My parents are still married, but my dad was always very open about his past, about his childhood. He was a wild child. He told us stories about it. But my mom, nothing. I know nothing about her childhood. I know nothing about ways she struggled. I know nothing about anything bad. It’s always exactly what you said, Robert. If anyone calls her out on anything that she’s done wrong or “Your mom did X, Y, and Z when she was a teenager,” she gets all sheepish and cowers and feels a lot of shame and you can see it all over her face. That doesn’t build safety and trust with me as the child. Knowing that my dad has been so open about his past, I feel safer with him than with my mom.

On the flip side of that, because of my dad’s past, he had the reins really tight on us as kids. They were very strict and it makes sense. He didn’t want us to make the same mistakes he did. That created something really bad though because I wasn’t a great kid in my teenage years; I was the one keeping them on their toes when it came to some things. I have stories that I can share with Jax when it’s appropriate, but I don’t think them being more strict because of the mistakes they made did me any favors, if that makes sense. I don’t know what that balance is. Of course, I’m going to have to deal with this as I move on through the next several years, but I think there’s a pendulum swing there where it’s like, “Yeah, you can share at a certain point, but don’t allow those mistakes to grip your kids so tight and control them so much that they just can’t wait to get away and discover the mistakes for themselves.”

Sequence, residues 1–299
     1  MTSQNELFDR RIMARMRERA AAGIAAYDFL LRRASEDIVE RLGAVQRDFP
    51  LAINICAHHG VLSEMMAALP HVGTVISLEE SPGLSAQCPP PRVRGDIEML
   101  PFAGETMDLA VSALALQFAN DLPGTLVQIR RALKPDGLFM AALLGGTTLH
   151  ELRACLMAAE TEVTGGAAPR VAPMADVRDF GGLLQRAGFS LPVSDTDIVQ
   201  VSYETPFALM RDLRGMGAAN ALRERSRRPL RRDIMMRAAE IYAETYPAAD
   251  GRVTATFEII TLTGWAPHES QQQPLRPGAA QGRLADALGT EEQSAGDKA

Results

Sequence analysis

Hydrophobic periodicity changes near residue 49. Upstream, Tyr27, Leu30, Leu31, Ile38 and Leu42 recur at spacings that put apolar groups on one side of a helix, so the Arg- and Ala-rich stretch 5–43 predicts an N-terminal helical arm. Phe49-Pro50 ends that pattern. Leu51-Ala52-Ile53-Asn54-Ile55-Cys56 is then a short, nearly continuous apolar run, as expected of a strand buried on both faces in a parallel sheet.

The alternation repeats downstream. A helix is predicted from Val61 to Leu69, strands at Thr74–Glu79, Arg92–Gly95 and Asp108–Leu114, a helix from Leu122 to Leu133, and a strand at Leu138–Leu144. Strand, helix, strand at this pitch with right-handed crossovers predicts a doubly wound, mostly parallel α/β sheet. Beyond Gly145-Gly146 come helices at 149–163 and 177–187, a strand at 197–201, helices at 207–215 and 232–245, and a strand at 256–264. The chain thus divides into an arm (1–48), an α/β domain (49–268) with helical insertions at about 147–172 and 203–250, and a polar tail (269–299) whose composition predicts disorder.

I think it is a balance and asking God what to share and when. But if we create a relationship with our kids while enforcing rules, it doesn’t lead to rebellion because rules with no relationship equals rebellion. I think that can help if we’re open with our kids, let them know we’re human, and they have the grace to be human too. And out of love for them, we want to have certain fences and guidelines. And so I am a fan of being honest about the past and sharing with my kids the things that I did wrong and that I wish I had done differently. I’ve had to do that from a place of humility to continue to strengthen our relationship.

As our kids get older and they start wondering and getting curious about becoming an adult, it’s fascinating to hear stories of people who have gone before us that say, “I wish I would’ve done this differently.” I know that from my dad. I would love to hear things that he did wrong not because I want to incriminate him, but man, we could learn a lot. And so not holding that back is a really important part.